Table of contents
About this book
This book is an in-depth learning and teaching resource for the understanding and programming of TCP/IP networking in Java. It covers 'everything you can do to a socket in Java' and explains when and why you might - or might not - want to do that. It is addressed both to professional programmers and college students in first or second year networking courses.
The book covers TCP and UDP using both blocking streams and non-blocking channels, and also SSL secure sockets in both blocking and non-blocking modes, unravelling the mysteries of the SSLEngine in the process. Particular attention is paid to the neglected topics of multi-homing and multicast. A unique chapter on client and server architectures uses a quantitative approach rather than the usual design-patterns approach, leading to architectures with predictable performance rather than just coding elegance.
All you need to know about:
- Using Streams and Sockets for blocking TCP/IP
- Using Buffers and Channels for non-blocking and multiplexed TCP/IP and UDP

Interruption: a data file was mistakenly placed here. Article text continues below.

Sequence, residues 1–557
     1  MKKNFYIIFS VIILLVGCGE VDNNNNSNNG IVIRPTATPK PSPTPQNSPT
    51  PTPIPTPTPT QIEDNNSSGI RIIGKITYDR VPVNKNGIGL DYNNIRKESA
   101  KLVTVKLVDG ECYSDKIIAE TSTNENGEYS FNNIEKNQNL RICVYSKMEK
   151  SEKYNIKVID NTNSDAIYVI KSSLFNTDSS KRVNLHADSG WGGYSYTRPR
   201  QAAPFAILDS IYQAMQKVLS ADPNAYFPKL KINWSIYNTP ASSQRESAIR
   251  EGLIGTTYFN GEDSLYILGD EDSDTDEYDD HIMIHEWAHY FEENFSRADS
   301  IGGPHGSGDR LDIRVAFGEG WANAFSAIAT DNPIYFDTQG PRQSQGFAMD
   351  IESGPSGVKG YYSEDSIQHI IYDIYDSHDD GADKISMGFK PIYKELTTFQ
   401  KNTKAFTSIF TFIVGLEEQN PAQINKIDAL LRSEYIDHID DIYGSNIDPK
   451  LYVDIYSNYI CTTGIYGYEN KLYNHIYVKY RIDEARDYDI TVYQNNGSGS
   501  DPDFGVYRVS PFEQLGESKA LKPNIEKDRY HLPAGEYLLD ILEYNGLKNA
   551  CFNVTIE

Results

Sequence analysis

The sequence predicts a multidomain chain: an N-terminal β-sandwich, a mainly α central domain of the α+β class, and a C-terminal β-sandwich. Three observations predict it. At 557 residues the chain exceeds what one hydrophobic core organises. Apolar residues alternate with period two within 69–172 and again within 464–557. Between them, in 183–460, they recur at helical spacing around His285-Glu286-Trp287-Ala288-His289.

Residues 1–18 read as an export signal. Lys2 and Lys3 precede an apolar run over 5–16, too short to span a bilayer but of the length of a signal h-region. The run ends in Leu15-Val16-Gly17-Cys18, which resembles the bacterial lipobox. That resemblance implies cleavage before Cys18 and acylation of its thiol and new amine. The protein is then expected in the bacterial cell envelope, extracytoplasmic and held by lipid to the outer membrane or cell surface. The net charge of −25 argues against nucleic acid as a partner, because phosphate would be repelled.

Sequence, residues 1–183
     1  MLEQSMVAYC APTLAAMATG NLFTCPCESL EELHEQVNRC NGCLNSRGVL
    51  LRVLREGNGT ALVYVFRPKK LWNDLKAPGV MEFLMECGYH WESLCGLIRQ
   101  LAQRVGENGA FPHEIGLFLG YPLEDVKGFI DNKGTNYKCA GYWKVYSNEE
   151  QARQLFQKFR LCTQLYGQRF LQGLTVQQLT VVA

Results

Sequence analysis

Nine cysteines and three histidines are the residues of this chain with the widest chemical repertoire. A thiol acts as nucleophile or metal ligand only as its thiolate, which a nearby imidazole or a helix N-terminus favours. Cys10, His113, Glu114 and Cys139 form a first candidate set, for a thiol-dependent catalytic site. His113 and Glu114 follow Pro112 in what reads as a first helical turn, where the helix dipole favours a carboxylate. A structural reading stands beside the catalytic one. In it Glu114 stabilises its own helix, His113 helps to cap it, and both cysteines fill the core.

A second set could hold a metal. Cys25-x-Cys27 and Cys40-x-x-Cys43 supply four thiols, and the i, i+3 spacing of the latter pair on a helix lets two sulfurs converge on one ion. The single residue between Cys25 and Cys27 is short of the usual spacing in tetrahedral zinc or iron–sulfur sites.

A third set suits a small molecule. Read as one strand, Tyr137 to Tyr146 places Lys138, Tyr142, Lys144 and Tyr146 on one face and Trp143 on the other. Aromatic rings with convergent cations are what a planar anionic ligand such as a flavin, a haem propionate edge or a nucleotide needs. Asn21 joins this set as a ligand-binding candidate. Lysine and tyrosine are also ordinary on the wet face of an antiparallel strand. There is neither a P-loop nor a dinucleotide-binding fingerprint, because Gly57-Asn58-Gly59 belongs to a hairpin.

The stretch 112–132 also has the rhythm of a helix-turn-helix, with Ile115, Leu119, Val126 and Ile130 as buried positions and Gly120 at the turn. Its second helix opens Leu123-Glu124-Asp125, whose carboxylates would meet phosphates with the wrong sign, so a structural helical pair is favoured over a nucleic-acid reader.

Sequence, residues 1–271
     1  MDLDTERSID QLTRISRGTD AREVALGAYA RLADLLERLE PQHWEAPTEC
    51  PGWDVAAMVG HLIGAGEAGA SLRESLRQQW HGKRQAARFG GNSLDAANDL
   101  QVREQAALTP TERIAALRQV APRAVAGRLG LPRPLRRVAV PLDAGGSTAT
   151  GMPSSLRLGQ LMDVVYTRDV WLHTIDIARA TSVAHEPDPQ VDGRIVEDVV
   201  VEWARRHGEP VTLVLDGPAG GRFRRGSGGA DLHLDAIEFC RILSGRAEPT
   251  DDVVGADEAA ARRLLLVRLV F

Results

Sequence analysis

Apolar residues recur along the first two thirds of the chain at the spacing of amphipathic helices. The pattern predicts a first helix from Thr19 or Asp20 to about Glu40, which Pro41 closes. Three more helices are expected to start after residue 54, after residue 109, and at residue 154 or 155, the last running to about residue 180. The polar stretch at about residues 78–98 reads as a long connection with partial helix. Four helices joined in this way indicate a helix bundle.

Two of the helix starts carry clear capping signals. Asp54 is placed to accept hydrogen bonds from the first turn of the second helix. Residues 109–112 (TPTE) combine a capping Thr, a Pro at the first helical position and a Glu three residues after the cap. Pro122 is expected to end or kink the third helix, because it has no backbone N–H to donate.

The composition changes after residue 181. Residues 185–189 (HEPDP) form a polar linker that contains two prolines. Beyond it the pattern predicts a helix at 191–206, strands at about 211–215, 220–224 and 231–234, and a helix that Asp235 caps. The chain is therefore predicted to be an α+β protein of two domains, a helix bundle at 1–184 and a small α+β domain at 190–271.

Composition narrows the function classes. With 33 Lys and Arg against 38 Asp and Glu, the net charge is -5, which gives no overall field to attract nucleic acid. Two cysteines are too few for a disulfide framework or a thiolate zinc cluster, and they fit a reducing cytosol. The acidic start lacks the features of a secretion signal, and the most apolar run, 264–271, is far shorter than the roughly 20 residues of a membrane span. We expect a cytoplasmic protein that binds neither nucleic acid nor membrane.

- Designing servers for scalability and predictable performance
- Working with blocking TLS/SSL using Streams and SSLSockets
- Unlocking the mysteries of non-blocking TLS/SSL with the JDK 1.5 SSLEngine
- Using DatagramSockets and DatagramPackets for blocking UDP and multicasting
- Outlining special programming considerations for multihomed hosts
- Managing the transition from IPv4 to IPv6 in Java
- Extensive Java index
- Accompanying [SVL] website XXXXX with source code download
- Comprehensive code samples and some exercises.
Esmond Pitt is a Melbourne consultant and author with a distinguished 28-year international career in the design and implementation of systems software products. A well-known Java advisor, he has published a book on Java RMI, and is a member of Sun's Expert Group on Distributed Real-time Java. His IT practice encompasses compiler construction, networking, and security. He is a Fellow of the Australian Computer Society.
I was an early reviewer of this book and I admire its economical and thorough but eminently readable style, lucidly describing complex issues without ever outstaying its welcome. This book combines academic rigour with a practical approach deeply informed by real-world experience and I have no hesitation in recommending it to developers of all experience levels. Experienced engineers building network-centric infrastructure or services should not be without this book. In fact, any Java developer building distributed applications such as J2EE, Jini, and Web Services should read this book — at least to understand the fundamental implications of networking on application design and implementation.
Michael Geisler, Sun Microsystems